Is this the only horror film that opens with a Ted Hughes quote? I know of no others.
Then, in 1981, he was back; the film was The Monster Club, the director was Roy Ward Baker, and the tagline was "the horror film that's fun", which carries with it the peculiar implication that most horror films are not fun.
It stars Vincent Price as Eramus, a vampire with retractable fangs, a role that had already been turned down by both Christopher Lee and Peter Cushing. The idea (if that's not too strong a word) is that Eramus bites a passer-by, who turns out to be R Chetwynd Hayes - the real horror author who wrote the original stories the film is based on, but here played by John Carradine, another actor whose answerphone presumably said, "I'm not in at the moment, but I'll do it."
As a reward for letting him have some blood ("from such a noble source") Vincent takes John to the eponymous club, where blood is served by the glass, the club secretary is a werewolf in a suit and glasses, the entertainment comes from the likes of The Pretty Things and B. A. Robertson, and the disco-dancing monsters all wear polo necks to disguise the bottoms of their plastic joke shop masks.
As well as several exceptionally good pop songs, there are three stories, as told by Eramus.
The first is about a hybrid monster called a Shadmock that can kill with a high-pitched whistle, who never leaves his house because he is so hideously, monstrously ugly. When a woman comes to his door, shock music yells on the soundtrack and she flees, screaming.
But this is the odd thing: there is nothing - absolutely nothing - wrong with him. He has fairly pasty skin, fairly - but not abnormally - large nostrils, and a fairly severe centre parting. But that's it. He's just an ordinary looking bloke. Now, how this came about I don't know. Perhaps there was a make-up design that relied on lighting and opticals rather than prosthetics, and it didn't photograph properly. Who knows? All we can see is a woman running in terror from a man who looks, at worst, like a bank manager.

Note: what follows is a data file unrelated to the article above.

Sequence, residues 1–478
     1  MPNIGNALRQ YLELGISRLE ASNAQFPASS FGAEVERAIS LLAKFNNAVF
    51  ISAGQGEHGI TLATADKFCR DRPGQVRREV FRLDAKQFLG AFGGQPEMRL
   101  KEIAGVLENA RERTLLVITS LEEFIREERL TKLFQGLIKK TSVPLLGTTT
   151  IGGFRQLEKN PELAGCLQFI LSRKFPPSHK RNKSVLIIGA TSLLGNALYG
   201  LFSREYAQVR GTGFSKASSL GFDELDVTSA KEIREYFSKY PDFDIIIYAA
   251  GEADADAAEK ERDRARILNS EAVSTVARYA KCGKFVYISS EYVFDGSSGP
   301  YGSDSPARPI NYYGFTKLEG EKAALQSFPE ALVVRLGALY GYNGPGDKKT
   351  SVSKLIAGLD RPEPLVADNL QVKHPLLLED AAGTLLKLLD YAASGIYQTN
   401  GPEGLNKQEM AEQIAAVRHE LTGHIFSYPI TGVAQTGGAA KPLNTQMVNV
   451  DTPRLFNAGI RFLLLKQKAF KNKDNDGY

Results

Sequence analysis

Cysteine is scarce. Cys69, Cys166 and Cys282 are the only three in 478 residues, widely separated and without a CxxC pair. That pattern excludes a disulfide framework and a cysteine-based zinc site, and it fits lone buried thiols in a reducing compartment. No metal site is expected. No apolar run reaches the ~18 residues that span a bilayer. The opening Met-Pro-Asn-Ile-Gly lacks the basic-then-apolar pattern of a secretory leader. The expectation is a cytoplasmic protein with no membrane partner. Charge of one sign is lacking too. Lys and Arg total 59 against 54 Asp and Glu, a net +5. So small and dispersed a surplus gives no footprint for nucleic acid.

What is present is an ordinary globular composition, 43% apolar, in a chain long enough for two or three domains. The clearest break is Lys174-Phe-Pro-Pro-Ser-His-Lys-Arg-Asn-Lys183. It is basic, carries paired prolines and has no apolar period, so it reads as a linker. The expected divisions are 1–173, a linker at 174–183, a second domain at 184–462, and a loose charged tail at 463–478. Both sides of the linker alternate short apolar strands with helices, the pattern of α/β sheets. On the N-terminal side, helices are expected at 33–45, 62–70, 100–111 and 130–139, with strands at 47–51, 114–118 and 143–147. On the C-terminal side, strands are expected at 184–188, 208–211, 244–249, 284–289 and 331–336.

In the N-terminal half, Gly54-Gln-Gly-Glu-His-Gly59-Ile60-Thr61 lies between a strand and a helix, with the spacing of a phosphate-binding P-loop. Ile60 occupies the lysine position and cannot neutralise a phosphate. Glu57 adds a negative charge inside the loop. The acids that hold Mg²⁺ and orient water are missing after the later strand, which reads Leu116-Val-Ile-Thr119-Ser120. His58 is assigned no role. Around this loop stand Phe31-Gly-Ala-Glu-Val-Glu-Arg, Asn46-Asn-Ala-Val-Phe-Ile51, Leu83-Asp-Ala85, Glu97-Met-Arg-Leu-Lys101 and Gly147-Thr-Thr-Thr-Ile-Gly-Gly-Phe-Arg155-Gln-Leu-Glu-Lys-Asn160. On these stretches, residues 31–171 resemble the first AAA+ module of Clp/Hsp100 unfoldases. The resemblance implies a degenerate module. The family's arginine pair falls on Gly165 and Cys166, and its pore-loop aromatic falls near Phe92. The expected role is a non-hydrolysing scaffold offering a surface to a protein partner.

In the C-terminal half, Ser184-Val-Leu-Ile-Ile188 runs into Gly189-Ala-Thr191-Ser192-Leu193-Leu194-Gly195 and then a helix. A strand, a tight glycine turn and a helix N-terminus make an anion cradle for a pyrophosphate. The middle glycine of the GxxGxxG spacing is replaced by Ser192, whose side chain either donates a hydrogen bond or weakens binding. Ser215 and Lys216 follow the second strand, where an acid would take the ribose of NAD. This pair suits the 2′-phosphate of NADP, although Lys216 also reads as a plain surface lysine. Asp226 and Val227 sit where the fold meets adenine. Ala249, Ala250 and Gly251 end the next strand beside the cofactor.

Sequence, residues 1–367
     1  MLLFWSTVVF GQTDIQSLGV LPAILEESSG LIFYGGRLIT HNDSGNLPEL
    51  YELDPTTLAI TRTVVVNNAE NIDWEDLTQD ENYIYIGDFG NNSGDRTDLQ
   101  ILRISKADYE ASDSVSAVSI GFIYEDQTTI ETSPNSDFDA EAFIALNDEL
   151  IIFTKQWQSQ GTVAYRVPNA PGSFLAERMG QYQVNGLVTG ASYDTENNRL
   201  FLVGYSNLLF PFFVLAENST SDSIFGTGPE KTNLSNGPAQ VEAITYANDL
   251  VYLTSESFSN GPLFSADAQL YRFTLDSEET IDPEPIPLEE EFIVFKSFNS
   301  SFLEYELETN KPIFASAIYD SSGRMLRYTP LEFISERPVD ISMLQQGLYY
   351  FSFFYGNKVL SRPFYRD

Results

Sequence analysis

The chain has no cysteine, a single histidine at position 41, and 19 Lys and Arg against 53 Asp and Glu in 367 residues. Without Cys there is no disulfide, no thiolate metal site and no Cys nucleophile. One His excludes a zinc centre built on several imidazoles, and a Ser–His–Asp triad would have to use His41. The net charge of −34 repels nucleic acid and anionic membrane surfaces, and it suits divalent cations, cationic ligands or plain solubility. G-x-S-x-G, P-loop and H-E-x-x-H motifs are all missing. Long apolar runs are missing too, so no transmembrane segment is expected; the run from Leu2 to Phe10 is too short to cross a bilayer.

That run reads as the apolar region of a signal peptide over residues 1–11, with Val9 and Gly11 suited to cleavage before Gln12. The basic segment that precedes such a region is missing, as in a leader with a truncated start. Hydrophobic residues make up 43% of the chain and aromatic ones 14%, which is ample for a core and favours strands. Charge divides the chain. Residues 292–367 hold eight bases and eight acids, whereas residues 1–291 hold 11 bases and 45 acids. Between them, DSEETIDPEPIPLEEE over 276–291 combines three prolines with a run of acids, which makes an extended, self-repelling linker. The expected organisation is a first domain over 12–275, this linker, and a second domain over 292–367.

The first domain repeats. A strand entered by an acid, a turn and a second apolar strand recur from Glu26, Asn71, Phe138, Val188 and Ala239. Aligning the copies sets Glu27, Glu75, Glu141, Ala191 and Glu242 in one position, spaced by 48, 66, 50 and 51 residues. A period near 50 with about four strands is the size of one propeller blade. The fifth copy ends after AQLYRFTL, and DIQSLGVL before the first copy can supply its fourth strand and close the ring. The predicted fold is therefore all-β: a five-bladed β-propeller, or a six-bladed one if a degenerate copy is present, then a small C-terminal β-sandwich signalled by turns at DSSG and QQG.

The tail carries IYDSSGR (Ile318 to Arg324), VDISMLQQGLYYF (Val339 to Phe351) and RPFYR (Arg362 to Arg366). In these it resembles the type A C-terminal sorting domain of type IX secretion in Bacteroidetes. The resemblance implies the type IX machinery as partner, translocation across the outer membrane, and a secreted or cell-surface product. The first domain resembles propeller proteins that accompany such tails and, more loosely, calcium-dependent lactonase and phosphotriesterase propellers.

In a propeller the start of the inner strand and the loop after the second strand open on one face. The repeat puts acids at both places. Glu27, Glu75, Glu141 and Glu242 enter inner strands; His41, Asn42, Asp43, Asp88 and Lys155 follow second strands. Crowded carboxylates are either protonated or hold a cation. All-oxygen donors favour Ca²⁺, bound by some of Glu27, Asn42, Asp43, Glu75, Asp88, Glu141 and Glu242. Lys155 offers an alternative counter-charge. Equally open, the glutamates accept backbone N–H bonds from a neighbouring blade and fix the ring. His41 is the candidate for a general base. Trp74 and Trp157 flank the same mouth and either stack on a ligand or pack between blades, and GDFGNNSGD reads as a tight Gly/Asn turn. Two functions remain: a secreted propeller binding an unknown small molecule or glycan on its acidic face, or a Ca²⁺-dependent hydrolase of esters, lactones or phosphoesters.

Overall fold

Episode two is supposedly work in progress from an autobiographical film by "the great vampire film producer Lintom Busotsky". Richard Johnson is a vampire and devoted family man apprehended by Donald Pleasance and the men from Scotland Yard's B-Squad, a special unit formed to investigate "blood crimes" and known as 'the Bleeney'. Humour on this level is generally speaking rare after teatime. At the end the supposedly dead vampire rises from his coffin to reveal that he has been saved by his stake-proof vest. ("Filled with... TOMATO KETCHUP!" screams Johnson.)
Episode three is about a location-scouting horror director, played by Stuart Whitman, the only actor who envied Cameron Mitchell his career trajectory. He turns up at a village of ghouls, barely escapes with his life and flags down a police car, but the policemen have plastic fangs, and drive him back again to be eaten.
Oh, do I ever love this film! Of course, I know that the general feeling is that it's not even bad enough to be fun, just bad enough to be bad. But objectivity is out of the question. Unchanging, uncomplaining, and as unfathomable today as it was when it came out of the kiln in 1981, this film has walked with me through the good times and the bad. If I live to be ninety I'll still be finding an excuse to watch it at least once a year.